Homeland Security Watch

News and analysis of critical issues in homeland security

July 11, 2006

Senators discuss the state of homeland security

Filed under: Budgets and Spending,General Homeland Security — by Christian Beckner on July 11, 2006

As the Senate debates the FY 2007 homeland security appropriations bill today, it’s worth reading the remarks on the Senate floor yesterday by Sen. Judd Gregg (R-NH), Sen. Robert Byrd (D-WV), and Sen. Byron Dorgan (D-ND) about the bill. The full text of their remarks, copied from the Congressional Record, can be found at the preceding links. Below are some notable excerpts:

Sen. Gregg, on the conflict between the Senate and the Administration over how to spend the $1.9 billion in border security funds in the FY 2006 supplemental:

Now, we have tried to move forward. This year, we put $1.9 billion into the supplemental to try to address the capital needs of the border issue, such as the aircraft, the fact that our aircraft we are flying down there are 40 years over their useful life, the helicopters are 20 years over their useful life; the fact that the Coast Guard is on a program of building coastal security capability, but it is on a program that won’t build out until 2023, and we think that should be accelerated to 2015; the fact that we only had one unmanned vehicle on the southern border–or anywhere on the borders, for that matter–and that one unmanned vehicle crashed, and we need to replace it and add more. And we have a lot of technology needs and also just plain old-fashioned cars and desks and training capability, things we felt we needed on the capital side.

Well, as to that idea, although the Congress thought it made sense, the administration did not. They took the number and converted it. We are happy to have the money. Initially, the Department was not even happy to have the money, but they took the money, and they converted it to operational needs, adding another 1,000 agents, adding another 4,000 beds, adding operational costs, and also some capital needs. I think the helicopters were covered. The planes were not upgraded. There were unmanned vehicles that would be purchased. So that was a point of disagreement, but at least we were on the right track.

But the practical effect of that bill was we created what is known as a fiscal tail, which meant that as you added operational costs in the supplemental, you had to add additional money in the main bill in order to pay for the operational needs which would be ongoing, which meant that the basic bill was stressed, first because it did not have full funding because of the $1.4 billion hold that was put in it by the setting up of a fee system, which everybody knew was not going to work, and secondly because of the tail that came out of this supplemental, which meant we had to pick up about $600 million of cost we had not planned to pick up in this bill in order to maintain the costs which had been put in the supplemental, which we felt should have, instead, been capital costs rather than operational costs.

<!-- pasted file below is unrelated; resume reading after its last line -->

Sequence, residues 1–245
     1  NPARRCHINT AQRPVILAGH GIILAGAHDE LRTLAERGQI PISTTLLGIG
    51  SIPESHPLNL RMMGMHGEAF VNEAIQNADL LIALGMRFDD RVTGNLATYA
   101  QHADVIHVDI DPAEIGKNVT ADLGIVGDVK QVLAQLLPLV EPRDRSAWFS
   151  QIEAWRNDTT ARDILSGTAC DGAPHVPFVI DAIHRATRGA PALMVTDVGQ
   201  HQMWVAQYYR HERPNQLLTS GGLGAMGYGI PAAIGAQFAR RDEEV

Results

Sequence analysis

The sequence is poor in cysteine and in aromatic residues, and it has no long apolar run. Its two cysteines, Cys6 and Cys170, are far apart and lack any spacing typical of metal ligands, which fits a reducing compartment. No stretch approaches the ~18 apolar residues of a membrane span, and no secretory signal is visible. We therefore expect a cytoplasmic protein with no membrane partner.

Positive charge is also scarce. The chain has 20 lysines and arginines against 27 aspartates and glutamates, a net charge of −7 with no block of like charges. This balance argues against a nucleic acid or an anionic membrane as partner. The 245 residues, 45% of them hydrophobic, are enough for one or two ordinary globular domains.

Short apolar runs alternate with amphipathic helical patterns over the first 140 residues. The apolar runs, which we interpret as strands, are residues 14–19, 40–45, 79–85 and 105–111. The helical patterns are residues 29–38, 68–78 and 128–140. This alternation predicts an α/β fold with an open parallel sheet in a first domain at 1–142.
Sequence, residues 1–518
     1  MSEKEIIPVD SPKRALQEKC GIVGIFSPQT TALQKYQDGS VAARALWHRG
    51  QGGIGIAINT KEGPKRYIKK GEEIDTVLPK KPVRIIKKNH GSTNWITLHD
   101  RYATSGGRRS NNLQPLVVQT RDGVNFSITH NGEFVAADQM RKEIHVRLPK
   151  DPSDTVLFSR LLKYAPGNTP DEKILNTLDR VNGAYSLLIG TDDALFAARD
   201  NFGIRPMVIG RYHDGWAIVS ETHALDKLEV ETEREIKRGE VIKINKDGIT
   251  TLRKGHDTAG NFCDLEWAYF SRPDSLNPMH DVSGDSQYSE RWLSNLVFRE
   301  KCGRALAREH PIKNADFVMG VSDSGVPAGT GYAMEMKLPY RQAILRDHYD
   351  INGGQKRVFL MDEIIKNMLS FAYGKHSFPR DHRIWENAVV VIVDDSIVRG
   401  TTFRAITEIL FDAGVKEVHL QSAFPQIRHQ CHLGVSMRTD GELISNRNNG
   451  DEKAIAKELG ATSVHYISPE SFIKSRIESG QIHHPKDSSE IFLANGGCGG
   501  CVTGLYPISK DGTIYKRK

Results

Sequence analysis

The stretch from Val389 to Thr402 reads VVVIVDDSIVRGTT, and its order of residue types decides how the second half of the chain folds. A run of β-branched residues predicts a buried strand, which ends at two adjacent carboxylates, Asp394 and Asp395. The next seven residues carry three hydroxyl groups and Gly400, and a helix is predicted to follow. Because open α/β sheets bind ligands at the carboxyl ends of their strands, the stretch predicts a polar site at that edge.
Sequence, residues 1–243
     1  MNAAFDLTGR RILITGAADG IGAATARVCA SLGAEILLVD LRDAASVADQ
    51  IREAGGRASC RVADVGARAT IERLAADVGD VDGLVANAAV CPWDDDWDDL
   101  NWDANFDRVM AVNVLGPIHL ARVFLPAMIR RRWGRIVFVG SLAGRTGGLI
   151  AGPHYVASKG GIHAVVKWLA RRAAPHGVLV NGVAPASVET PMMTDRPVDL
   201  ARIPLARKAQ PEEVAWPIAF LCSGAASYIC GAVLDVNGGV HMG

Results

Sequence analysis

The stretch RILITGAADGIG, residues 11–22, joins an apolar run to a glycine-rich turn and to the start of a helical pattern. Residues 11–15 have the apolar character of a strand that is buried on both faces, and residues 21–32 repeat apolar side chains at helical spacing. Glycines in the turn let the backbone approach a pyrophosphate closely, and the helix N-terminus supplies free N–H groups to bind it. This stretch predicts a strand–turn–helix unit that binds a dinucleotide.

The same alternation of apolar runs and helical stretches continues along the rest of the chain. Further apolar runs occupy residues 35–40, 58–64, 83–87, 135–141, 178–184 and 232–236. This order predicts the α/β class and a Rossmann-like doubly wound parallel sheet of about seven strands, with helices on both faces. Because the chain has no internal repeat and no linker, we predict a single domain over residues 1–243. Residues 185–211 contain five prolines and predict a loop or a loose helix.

Sen. Byrd on the sluggish pace at with which DHS doles out homeland security grant funds:

The Department continues to allow valuable homeland security dollars to gather dust in the Treasury rather than getting the money out to State and local governments where the money can actually be used to secure our ports and mass-transit systems or to purchase interoperable communications equipment.

In the fiscal year 2006 Homeland Security appropriations report, we directed the Department to send Congress a report by February 10 providing an expedited schedule for awarding homeland security grants. Last week, 5 months late, we got the report. The report detailed the Department’s plan to award 20 different grant programs in the last month of the fiscal year. Congress approved funds last October, yet the funds will sit here in Washington for almost a year. Last week was the 1-year anniversary of the London train bombing. Yet under the Department’s plan rail and transit security funding that was appropriated by Congress last October will not be awarded until this September. The same malaise applies to grants to secure our ports, our buses, for securing buffer zones around nuclear and electrical plants, and grants to hire more firefighters. What is the administration waiting for? Does there have to be another horrendous attack with thousands of deaths before this Department will shake out of its nearly comatose state?

Sen. Dorgan on prioritizing threats in the overall national security budget:

It is interesting that when the Defense authorization bill comes to the floor of the Senate, we spend billions and billions of dollars defending against a rogue nation or a terrorist acquiring a nuclear weapon, putting it on the tip of an intercontinental ballistic missile and shooting it at our country at 18,000 miles an hour. So we are spending billions on an antiballistic missile system to try to hit a bullet with a bullet. It is my judgment–and I think the judgment of most people who evaluate what is the most likely threat against our country–that the most likely threat is a container ship pulling up to a dock at a seaport in this country at about 3 miles with a container on board, with a weapon of mass destruction inside that container that has not been inspected. That is a far more likely threat to this country than a nuclear-tipped intercontinental ballistic missile acquired by a rogue nation or a terrorist organization. Yet we are spending thousands of times more money on the antiballistic missile program than we are on port security.

(Note: It’s not thousands of times more money – but even at 5x or 10x, the general point still stands).

The full statements, in particular the one from Sen. Gregg, are worth reading as a snapshot of the state of DHS.

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